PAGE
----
How has the name of the website been helpful?
People are finding us nationally and, of course, locally because of the SEO [search engine optimization] benefits of having keywords in our URL – and not having the extra nonsense ‘dot-com’ [.com], which tells you nothing extra about what you're going to see.
You’re talking about your domain, ‘prowrestling.training.’
Yes. But we actually started out as the ‘xtremeprowrestlingcenter. com,’ which was this ridiculously long URL that no one was going to be able to spell right since we spell our name with an “X” instead of starting with an “E.” Plus, no one in the world is going to search that randomly. Whereas, people are searching “pro wrestling training,” and that nails our demographic.
How did you learn that ‘dot-training’ [.training] was an option for your URL?
In 2009, or maybe even '08, I had read that they were going to release new domains and in the next several years. As soon as I started seeing them getting released, I started digging around online to see what cool ones I could reserve.
The ‘dot-training’ [.training] caught my eye. I was playing around ‘wrestling.training,’ which was already taken, but ‘prowrestling.training’ was not. When I thought about the SEO benefits, it became a no brainer and basically was proven right on that pretty quickly.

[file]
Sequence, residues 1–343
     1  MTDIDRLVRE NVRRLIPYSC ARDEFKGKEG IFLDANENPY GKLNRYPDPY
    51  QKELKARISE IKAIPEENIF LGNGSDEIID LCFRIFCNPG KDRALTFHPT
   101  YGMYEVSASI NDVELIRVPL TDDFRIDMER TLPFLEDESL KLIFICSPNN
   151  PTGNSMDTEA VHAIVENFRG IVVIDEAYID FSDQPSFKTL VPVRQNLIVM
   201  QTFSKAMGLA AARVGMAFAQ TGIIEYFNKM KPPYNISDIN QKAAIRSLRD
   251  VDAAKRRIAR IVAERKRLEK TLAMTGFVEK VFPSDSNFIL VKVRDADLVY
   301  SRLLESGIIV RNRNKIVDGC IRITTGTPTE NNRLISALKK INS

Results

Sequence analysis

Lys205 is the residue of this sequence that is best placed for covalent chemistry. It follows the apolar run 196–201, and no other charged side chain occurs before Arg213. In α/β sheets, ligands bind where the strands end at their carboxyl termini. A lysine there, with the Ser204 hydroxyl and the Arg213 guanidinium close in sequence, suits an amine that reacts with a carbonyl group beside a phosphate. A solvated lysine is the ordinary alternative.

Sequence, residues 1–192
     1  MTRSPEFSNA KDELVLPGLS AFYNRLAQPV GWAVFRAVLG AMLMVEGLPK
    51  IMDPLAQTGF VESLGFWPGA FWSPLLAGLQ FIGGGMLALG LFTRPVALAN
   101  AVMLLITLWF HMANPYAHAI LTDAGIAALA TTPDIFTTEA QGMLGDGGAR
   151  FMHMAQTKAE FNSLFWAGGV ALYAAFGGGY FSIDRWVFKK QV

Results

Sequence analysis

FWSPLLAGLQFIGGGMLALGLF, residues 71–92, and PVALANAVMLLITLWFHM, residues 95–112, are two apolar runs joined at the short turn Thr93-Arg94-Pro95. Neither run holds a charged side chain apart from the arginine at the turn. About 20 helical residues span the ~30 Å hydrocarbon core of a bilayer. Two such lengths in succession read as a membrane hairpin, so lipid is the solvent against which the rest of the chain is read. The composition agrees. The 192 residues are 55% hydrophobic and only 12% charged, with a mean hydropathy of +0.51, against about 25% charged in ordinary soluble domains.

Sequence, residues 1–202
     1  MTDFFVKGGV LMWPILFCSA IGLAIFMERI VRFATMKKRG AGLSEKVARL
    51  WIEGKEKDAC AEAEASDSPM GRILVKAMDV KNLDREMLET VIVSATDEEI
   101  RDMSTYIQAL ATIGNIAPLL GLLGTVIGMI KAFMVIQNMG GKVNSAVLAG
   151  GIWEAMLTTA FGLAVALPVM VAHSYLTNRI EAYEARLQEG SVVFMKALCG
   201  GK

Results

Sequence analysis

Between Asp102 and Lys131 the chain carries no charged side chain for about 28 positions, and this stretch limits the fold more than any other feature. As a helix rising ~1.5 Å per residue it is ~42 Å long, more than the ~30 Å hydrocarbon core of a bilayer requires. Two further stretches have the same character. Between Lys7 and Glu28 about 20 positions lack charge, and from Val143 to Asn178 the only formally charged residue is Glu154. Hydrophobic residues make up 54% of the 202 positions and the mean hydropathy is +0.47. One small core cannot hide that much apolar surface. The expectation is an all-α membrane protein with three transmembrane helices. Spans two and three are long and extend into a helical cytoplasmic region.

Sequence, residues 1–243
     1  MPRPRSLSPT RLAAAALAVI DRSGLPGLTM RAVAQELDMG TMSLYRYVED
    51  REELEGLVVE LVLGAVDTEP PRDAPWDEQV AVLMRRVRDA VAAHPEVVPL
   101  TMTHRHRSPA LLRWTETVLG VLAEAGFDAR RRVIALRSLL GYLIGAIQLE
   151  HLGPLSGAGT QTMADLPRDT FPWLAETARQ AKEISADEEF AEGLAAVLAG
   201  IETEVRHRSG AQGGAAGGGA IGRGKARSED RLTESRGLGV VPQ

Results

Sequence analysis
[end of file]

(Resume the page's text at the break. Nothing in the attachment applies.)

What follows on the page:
How were you proven right?
Because of traffic coming to the website. Google “pro wrestling training,” and we're actually ranked on the front page. Although on some days, for some reason, Google algorithms are doing weird stuff, and it'll drop down like several pages. But we got to the front page for “pro wrestling training” within two or three months after we released the website. That's pretty awesome.
That's a great online victory amidst the ups and downs of launching a new business.
There are no good books on how you start a pro wrestling company. I pretty much had to figure it all out myself, and there have been a lot of leaps of faith and a lot of uncertainty. I never really thought of myself as a businessman before, but I've definitely become one during the course of all this, and things have progressively gone in a really good direction.
Learn more about this business by visiting the website www.prowrestling.training.